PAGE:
Through November 13 at the Cleveland Play House, Playhouse Square, Outcalt Theatre, 1407 Euclid Avenue, 216-241-6000.

Silence! The Musical, Blank Canvas Theatre

(Kelly strand as Clarice and Brian Altman as Hannibal.)

If you’re a fan of the Jodi Foster/Anthony Hopkins flick The Silence of the Lambs, you will no doubt have a blast with this no-holds-barred parody, Silence! The Musical, now at Blank Canvas Theatre. Of course, you really don’t need any history with that movie to enjoy this often clever and frequently rude tribute to the story about two serial killers and one plucky FBI agent who is assigned to deal with them.

But first, let’s cut to the chase. There’s a remarkably offensive word in an early song in this show that, I would wager, has never been sung in any other musical. Ever. And that’s probably a good thing. Not only is it sung once, it is reprised a couple minutes later and then repeated in the second act.

The word refers to the private area of the female anatomy, a word that even Donald Trump has so far declined to use in public, starts with “c” and the full title of the song is “If I Could Smell Her C_ _ _.” This is not an entirely gratuitous reference, since there is a similar wish alluded to by the evil Hannibal Lecter in the movie.

The manner in which this play’s creators (music and lyrics by Jon Kaplan and Al Kaplan, book by Hunter Bell) use that word illustrate what is right with this show, and also where it goes off the tracks. The gleeful offensiveness of that word picks up on the vibe The Book of Mormon and it’s off-color ditties. That’s fair game. But it is repeated so often it begins to dull the senses, as do some other tropes used by the writers and BCT director Jonathan Kronenberger.

Still, this show is paced perfectly by Kronenberger, allowing the jokes to fly by fast and furiously, as they should. And the talented performers give it their all. As Clarice Starling, the young FBI agent, Kelly Strand is appropriately solid and straightforward while mimicking and exaggerating Jodi Foster’s lateral lisp and southern accent. However, whatever humor content that resides in that slight speech defect is beaten within an inch of its life by repetition. Clarice’s first song is titled “Thish Ish It” and the lisp even appears in words on the two screens hovering over the stage.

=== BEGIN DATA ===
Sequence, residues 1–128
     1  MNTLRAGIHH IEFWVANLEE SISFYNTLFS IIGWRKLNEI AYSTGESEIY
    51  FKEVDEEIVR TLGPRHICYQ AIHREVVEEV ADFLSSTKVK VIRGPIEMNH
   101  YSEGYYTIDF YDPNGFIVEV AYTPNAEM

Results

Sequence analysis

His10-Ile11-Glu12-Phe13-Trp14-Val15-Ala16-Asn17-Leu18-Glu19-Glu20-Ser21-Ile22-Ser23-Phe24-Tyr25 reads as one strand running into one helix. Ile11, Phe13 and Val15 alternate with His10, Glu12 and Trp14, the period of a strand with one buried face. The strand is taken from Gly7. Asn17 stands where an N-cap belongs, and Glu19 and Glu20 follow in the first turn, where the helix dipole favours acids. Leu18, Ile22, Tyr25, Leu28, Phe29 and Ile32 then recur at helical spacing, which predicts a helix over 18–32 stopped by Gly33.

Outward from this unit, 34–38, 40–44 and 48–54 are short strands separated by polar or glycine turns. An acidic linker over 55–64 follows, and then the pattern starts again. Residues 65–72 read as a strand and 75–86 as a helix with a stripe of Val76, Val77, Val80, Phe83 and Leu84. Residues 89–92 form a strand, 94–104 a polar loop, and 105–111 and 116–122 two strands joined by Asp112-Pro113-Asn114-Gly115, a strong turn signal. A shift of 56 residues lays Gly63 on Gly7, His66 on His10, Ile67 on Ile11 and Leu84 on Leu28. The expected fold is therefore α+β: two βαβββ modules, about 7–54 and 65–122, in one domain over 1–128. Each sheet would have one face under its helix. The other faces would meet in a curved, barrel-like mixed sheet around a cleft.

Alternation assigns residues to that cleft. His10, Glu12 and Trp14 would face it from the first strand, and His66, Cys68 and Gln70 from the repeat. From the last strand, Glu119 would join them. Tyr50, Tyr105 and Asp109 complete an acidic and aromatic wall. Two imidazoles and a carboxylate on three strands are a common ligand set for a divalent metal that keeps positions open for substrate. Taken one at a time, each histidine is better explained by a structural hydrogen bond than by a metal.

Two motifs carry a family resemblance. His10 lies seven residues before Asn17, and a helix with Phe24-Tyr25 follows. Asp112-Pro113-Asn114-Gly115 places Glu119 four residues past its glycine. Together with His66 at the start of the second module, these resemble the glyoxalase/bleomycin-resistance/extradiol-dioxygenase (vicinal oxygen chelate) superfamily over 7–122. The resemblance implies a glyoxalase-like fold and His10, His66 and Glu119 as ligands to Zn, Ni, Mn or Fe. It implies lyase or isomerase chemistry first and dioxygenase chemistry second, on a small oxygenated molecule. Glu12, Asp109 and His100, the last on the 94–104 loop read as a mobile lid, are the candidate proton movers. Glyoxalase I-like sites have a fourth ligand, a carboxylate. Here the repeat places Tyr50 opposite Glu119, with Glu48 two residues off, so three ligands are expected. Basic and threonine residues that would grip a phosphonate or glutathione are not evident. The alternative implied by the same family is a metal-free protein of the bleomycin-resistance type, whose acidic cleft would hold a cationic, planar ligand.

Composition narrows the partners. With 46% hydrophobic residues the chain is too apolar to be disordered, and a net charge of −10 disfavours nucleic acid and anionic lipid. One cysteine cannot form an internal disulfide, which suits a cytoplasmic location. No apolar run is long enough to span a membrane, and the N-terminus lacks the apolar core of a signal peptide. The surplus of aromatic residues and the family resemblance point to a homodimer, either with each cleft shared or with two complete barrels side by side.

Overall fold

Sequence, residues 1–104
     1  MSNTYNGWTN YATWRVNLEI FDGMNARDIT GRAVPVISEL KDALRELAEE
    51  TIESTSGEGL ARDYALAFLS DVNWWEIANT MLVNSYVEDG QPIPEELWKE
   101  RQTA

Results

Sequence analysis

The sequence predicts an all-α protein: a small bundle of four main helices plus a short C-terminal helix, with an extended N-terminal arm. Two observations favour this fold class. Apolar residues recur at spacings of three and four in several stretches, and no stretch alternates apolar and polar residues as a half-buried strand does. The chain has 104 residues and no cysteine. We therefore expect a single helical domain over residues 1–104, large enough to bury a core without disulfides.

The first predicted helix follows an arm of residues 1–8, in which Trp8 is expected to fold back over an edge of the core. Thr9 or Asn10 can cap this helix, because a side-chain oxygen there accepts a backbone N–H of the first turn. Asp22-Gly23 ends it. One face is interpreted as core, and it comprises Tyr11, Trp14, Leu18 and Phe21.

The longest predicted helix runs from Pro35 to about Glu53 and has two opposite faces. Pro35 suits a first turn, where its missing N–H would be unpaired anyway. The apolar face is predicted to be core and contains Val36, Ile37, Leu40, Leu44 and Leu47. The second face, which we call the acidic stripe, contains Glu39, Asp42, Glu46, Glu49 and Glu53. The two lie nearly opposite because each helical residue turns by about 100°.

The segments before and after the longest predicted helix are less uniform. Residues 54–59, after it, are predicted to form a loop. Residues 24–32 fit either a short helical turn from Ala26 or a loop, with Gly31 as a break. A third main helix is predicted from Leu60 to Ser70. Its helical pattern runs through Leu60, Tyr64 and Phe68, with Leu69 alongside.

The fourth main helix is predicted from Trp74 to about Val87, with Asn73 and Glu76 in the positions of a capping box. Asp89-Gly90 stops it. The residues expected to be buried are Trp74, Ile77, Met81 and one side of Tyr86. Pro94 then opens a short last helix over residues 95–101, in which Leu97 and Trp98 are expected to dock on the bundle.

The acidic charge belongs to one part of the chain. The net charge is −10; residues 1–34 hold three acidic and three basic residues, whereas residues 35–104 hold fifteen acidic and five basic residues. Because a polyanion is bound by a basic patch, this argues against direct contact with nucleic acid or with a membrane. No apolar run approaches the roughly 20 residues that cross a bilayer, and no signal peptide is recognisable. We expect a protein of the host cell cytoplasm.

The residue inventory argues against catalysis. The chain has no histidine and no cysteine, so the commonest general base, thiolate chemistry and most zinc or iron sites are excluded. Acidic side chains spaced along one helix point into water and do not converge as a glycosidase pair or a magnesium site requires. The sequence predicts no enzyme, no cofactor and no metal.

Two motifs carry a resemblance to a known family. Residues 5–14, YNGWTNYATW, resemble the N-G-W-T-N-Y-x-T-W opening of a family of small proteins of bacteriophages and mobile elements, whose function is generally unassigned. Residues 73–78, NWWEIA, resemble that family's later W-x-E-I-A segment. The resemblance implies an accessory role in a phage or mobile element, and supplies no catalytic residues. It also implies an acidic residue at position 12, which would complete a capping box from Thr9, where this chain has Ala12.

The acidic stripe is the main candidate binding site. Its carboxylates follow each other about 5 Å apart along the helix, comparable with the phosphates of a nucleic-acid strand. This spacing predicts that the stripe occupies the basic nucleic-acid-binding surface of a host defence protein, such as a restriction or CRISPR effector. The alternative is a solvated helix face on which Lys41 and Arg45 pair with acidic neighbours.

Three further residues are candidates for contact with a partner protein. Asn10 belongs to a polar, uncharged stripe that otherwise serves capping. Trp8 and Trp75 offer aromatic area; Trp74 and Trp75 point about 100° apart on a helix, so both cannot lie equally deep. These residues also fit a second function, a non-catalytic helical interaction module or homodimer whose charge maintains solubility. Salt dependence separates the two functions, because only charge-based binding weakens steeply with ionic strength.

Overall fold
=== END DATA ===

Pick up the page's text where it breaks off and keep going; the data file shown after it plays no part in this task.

As the sociopathic Hannibal Lecter, Brian Altman employs a smooth and unctuous delivery to capture some of Anthony Hopkins’ skin-crawlingly creepy vibe. And even though it goes on far too long, his rendition of the “C” song is both stupefying and raunchily amusing. Joe Virgo is also a standout as Buffalo Bill, the gender-confused serial killer they’re hunting for who captures plus-size women, keeps them in a pit, makes them soften their skin with lotion, and then kills and skins them so he can crawl inside their epidermis. Fans of the movie know all this, so the play focuses on other things, such as Buffalo Bill’s song “Put the Fucking Lotion in the Basket.”

In smaller roles, Dawn Sniadak-Yamokoski sings up a storm as Senator Martin, whose daughter Catherine has been abducted by Buffalo Bill. And Tonya Broach and Trey Gilpin add amusing cameos among the multiple roles they play. It is all supported by a chorus of white-wigged lambs who sing and dance and keep the plot moving forward.

While often offensive, juvenile and excessive, Silence! qualifies for its exclamation point through the kind of sharp, disciplined performance standards that BCT has often featured, under the artistic direction of Patrick Ciamacco.

Silence! The Musical
Through November 5 at Blank Canvas Theatre, at the West 78th Street Studios, 440-941-0458.